You may already be familiar with this concept if Zipcar is in your city. Zipcar offers drivers the abilty to "borrow" a car for a couple of hours or days. It's called “mobility on demand,” better known as car sharing and dozens of companies are already doing it. I think it's a great idea and my friends in New York City and in Washington D.C. have been using it and love it. Additional companies you may be familiar with - including Hertz (HertzOnDemand), Enterprise (WeCar), and U-haul (uhaulcarshare) are implementing this new concept, which will be spreading nationwide in the next few years!

Another concept taking shape in the automobile industry is peer-to-peer (P2P) car-sharing services, in which anyone can make his or her vehicle available to others on an hourly basis. Two companies already doing this are RelayRides and Getaroun. All you need to participate in this program is a smart-phone to find a nearby car to rent or to have a car to rent out. As a car owner, you decide on the time, place, to whom and for how much to rent out your car.

Did you know that...

  • The average American produces 1,600 pounds of garbage annually. That means that combining all the garbage that American produce in one year, you could make a line of filled garbage trucks that reach the moon!
  • America makes up just about 5% of the word's population but generates about 30% of the world's garbage!
  • In the US, we throw out about 96 billion pounds of food each year. That's enough to feed some countries!

Sources: EPA and USDA

What is Sustainable Production?

Whereas sustainable consumption calls on us as consumers to use principles of sustainability when making purchasing decisions, sustainable production calls on companies to produce or create goods and services using sustainable means, including: minimizing pollution, conserving energy and natural resources, being economically viable, as well as proving safe and healthy conditions for workers, communities, and customers. With sustainable production, there are minimum negative effects on the environment and employees, communities, and companies all benefit.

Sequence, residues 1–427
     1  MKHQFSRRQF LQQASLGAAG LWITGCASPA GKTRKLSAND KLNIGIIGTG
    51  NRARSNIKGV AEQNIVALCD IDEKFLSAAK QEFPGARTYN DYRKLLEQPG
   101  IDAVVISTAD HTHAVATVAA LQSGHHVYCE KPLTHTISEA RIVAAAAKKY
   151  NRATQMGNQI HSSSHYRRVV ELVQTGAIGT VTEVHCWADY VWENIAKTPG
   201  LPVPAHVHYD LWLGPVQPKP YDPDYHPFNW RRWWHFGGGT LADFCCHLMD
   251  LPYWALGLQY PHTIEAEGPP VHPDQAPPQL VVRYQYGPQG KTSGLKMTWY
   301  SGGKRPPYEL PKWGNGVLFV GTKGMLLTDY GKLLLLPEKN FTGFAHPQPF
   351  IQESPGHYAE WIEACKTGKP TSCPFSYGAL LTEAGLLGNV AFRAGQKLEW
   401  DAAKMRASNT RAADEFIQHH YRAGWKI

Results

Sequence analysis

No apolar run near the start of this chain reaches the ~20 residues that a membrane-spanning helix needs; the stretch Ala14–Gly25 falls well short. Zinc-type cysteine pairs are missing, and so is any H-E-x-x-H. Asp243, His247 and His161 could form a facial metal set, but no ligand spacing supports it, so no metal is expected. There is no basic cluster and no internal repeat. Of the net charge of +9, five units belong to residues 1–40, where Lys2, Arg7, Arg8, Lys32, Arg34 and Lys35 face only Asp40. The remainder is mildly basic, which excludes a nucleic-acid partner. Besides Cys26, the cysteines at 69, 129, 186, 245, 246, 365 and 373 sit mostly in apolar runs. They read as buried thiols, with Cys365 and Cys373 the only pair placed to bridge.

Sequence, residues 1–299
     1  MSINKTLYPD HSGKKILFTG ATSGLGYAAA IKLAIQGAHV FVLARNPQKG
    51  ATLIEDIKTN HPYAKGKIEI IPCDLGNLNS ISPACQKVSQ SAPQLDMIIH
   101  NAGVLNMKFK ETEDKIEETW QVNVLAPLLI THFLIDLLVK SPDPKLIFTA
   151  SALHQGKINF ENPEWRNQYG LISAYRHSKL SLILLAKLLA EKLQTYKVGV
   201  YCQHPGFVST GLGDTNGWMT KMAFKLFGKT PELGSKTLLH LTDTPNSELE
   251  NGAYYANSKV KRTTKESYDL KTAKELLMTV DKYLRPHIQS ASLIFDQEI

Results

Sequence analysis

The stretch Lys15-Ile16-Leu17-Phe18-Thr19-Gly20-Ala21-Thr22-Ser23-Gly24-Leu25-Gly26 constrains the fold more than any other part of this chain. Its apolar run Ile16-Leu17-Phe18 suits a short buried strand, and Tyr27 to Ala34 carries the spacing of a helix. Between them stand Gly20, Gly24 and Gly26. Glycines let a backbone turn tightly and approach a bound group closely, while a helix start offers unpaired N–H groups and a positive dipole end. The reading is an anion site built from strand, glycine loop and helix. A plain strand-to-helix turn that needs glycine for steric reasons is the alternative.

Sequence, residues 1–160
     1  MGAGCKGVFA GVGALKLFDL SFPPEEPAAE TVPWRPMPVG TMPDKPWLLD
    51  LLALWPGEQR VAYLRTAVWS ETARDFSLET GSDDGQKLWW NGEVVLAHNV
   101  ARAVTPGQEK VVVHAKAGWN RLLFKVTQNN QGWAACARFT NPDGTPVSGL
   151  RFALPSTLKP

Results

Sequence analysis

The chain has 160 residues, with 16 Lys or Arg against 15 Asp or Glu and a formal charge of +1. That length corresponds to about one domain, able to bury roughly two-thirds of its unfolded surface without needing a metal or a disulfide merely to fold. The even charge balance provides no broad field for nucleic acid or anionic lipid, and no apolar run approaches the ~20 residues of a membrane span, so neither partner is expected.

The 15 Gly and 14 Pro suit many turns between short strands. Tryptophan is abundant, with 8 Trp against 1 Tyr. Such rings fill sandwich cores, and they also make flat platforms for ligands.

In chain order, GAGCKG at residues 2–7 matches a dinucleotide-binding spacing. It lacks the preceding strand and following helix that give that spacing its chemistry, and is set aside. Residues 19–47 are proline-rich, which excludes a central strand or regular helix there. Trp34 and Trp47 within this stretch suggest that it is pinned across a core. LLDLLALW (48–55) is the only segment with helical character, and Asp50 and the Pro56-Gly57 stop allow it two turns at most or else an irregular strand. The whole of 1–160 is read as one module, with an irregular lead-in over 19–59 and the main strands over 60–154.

Don't Buy What You Don't Need

"Don't Buy What You Don't Need" - it's a simple message but one that's hard to actually do. In order to consume sustainably, there are a couple of things you can easily do:

  • Think twice before you buy anything
  • Buy only those things that you need, that will last and that you can recycle once you really do need to get rid of them
  • Repair things when they break
  • Reuse or share what you no longer need and recycle

Other things that you can do are:

  • avoid products that have lots of packaging
  • consciously try to make less waste
  • buy in bulk
  • turn off lights behind you
  • buy greener products
  • drive less


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    • theclevercat profile image

      Rachel Vega 5 years ago from Massachusetts

      I'm a bit ashamed to say that I never heard of The Mesh, but this was a fab read! Great job, GC! Voted up.

    • Teresa Coppens profile image

      Teresa Coppens 5 years ago from Ontario, Canada

      Excellent hub with great advice on how we as individuals can have a kinder impact on our planet. Voted up.

    • K9keystrokes profile image

      India Arnold 5 years ago from Northern, California

      Wonderful information for understanding the differences between consumption and production. "The Mesh" by Lisa Gansky makes a very interesting read. I hope everyone who stops by your hub buys a copy!


    • ArtzGirl profile image

      ArtzGirl 5 years ago from San Diego

      Sounds like you are delving into the topic of Agenda 21. If you get a chance, I interviewed Michael Shaw on my radio show. You can find this at -- in the show archive section under the title "The Research Rabbit Hole: Agenda 21". I hosted him on my show a total of 4 hours and he gave away a lot of information on this very topic. You can also find him speaking on this topic on -- this is initially how I found him, but he gave more current information in the radio show interviews that I did with him. His youtube videos are several years old now.